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Chapter 23

ECON 1010 - Textbook Notes - Chapter 23.docx

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Department
Economics
Course
ECON 1010
Professor
Jean Adams
Semester
Winter

Description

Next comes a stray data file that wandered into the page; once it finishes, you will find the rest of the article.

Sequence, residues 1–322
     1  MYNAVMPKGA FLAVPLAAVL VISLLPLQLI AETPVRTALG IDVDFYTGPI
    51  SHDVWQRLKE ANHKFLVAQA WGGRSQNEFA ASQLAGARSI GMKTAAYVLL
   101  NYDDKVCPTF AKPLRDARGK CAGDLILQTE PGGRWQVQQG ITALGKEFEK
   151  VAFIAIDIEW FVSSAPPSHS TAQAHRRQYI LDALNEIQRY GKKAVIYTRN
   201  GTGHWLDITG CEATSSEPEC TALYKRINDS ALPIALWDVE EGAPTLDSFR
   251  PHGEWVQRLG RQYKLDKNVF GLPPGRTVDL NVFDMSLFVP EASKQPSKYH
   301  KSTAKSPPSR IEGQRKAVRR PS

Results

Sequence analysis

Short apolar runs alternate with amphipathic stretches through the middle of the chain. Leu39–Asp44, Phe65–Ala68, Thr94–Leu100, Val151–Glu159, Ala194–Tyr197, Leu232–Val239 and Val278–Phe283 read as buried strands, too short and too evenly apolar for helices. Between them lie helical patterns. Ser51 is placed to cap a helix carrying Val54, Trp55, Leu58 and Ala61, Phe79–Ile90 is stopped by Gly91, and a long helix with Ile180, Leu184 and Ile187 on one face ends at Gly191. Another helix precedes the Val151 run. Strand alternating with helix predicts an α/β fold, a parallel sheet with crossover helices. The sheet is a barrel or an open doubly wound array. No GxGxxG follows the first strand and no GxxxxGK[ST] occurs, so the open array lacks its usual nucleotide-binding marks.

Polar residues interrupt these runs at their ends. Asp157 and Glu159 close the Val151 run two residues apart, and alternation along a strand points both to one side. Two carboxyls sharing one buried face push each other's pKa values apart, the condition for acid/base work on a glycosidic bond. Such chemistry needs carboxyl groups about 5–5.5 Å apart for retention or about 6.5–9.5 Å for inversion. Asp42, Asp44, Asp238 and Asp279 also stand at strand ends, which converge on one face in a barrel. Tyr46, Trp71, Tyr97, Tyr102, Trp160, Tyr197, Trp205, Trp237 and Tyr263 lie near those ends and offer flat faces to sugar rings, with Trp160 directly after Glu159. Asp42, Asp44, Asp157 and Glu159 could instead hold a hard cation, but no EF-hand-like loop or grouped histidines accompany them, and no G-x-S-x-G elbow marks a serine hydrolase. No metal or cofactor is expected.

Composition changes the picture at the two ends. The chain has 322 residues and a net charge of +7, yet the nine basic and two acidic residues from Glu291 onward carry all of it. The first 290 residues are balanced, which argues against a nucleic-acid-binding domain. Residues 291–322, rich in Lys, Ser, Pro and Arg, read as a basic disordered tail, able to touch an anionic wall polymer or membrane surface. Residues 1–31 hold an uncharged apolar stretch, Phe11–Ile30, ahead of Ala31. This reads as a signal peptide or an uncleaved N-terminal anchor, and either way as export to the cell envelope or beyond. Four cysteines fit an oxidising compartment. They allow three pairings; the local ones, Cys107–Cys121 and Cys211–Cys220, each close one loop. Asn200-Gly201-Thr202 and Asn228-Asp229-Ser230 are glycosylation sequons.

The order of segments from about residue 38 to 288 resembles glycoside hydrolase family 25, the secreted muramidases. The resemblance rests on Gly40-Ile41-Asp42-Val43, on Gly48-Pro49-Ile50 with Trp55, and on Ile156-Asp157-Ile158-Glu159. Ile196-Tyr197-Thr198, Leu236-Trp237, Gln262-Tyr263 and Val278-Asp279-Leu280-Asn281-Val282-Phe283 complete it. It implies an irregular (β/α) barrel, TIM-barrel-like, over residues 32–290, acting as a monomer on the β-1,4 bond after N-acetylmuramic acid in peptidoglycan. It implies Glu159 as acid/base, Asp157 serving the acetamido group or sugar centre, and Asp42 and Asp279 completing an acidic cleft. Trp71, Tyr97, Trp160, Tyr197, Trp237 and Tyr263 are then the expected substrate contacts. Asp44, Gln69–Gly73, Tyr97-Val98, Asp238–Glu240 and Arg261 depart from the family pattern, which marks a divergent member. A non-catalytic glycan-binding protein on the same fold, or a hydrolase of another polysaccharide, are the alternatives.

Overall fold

Chapter 23: Finance, Saving, and Investment ECON 1010 Textbook Notes • Financial institutions and markets play a crucial role in the economy by providing channels for savings to flow to finance the investment in new capital that helps the economy grow • Difference between: o Finance and Money  Finance is used to describe the activity of providing the funds that finance expenditures on capital  Study of finance looks at how households and firms obtain and use financial resources and how they cope with the resulting risks  Money is what we use to pay for goods and services and to make other financial transactions  Finance and money are closely interrelated but must be differentiated o Physical capital and Financial capital  Physical capital: tools, instruments, machines, buildings and other items that have been produced in the past and that are used today to produce goods and services.  Financial capital: Funds that firms use to buy physical capital  When financial capital increases (due to investment, saving, borrowing or lending decisions), real GDP grows • Capital and Investment o Quantity of capital changes due to investment and depreciation o Investment increases capital and depreciation decreases it o Total amount spent on new capital is called gross investment o Change in value of capital is called net investment (gross – depreciation) • Wealth and saving o Wealth is the value of all the things that people own; this is related to income o Saving is the mount of income that is not paid in taxes or spent on consumption o Saving increases wealth o Wealth also increases when market value of assets rises (capital gains) and vice versa o Wealth = Initial wealth + Savings; Savings = Income – Tax – Consumption expenditure o To make real GDP grow, saving and wealth must be transformed into investment and capital; takes place in the markets of financial capital and through the activities of financial institutions • Financial capital markets o Loan markets  Businesses want short-term finance to buy inventories or to extend credit to their customers  Households want finance to purchase big-ticket items (cars, houses)  Expenditure on new homes can be considered an investment due to long- term o Bond markets  Abond is a promise to make specified payments on specified dates  It is an alternate source of financing often used by governments  Bonds can be long or short term  Treasury bills are used as an intermediate when Party X sells something to Party Y which promises to pay later and Party I gives the money to Party X in exchange for the promise to pay  Amortgage-backed security entitles its holder to the income from a package of mortgages o Stock markets  Often used to finance large-scale things like expansions  Astock is a certificate of ownership and claim to a firm’s profits  Astock market is a financial market in which shares of stocks of corporations are traded • Financial Institutions o Afirm that operates on both sides of the markets for financial capital (a borrower in one, and a lender in another) o Stand ready to trade so that households and firms can interact by using it as an intermediary o Key Canadian financial institutions:  Commercial banks • Accept deposits and use funds to buy government bonds and other securities and to make loans • Banks hold more than 70% of total Canadian financial assets • Bank deposits are money – distinguishes them from other financial institutions  Trust and loan companies • Similar services to banks and most are owned by banks • Make loans and accept deposits • Administer estates, trusts, and pension plans  Credit unions and caisses populaires • Banks that are owned and controlled by customers • Regulated by provinces • Many small ones  Pension funds • Receive pension contributions of firms and workers • Use those funds to buy portfolios to generate income which can be paid as pension to members • Usually large in size and act as an active stock holder  Insurance companies • Provide risk-sharing services • Provide compensation in event of an accident in exchange for monthly premiums • Use funds that are not paid out as claims to buy bonds and stocks to earn income • Some also insure corporate bonds and other financial asssets • Usually have a steady flow of funds and income o All financial institutions face two problems:  Solvency problem • If a company’s net worth (market value of loans given – market value of loans received) is positive it is solvent and vice versa • Financial institutions both lend and borrow so they are exposed to the risk of net worth being negative  Liquidity problem • Financial institutions can be solvent but illiquid • Afirm is illiquid if it has made long-term loans with borrowed funds and is faced with a sudden demand to repay more than it has available • In normal times: financial institutions short on cash can borrow from other institutions • Interest rates andAsset prices: o Short-term securities, stocks, bonds, and loans are collectively called financial assets o Interest rate on a financial asset is the interest received expressed as a percentage of the price of the asset o If asset price rises, interest rate falls and vice versa o The price of an asset and the interest rate are determined simultaneously; therefore if one rises the other falls • Loanable funds market is the aggregate of all the individual financial markets • Funds that finance investment o Household saving  Household saving is the income minus the consumption and tax expenditure (net taxes = taxes paid – refunds/social welfare)  Y = C+S+T C + I + G + X – M = C + S + T I = S + (T-G) + (M-X)  Therefore, investment is influenced by saving, the government budget surplus (Taxes paid to the government – Government expenditure), and international borrowing (M-X) o Government budget surplus  Asurplus contributes to investment, but a deficit competes with investment for funds o International borrowing o Sum of private saving (S) and government saving (T-G) is called national saving o National saving and foreign borrowing finance investment • Real Interest Rate o Nominal interest rate is the number of dollars that a borrower pays and a lender receives in interest in a year expressed as a percentage of the number of dollars borrowed and lent o The real interest rate is the nominal interest rate adjusted to remove the effects of inflation on the buying power of money (approx.. nominal – inflation rate) o Real interest rate is the opportunit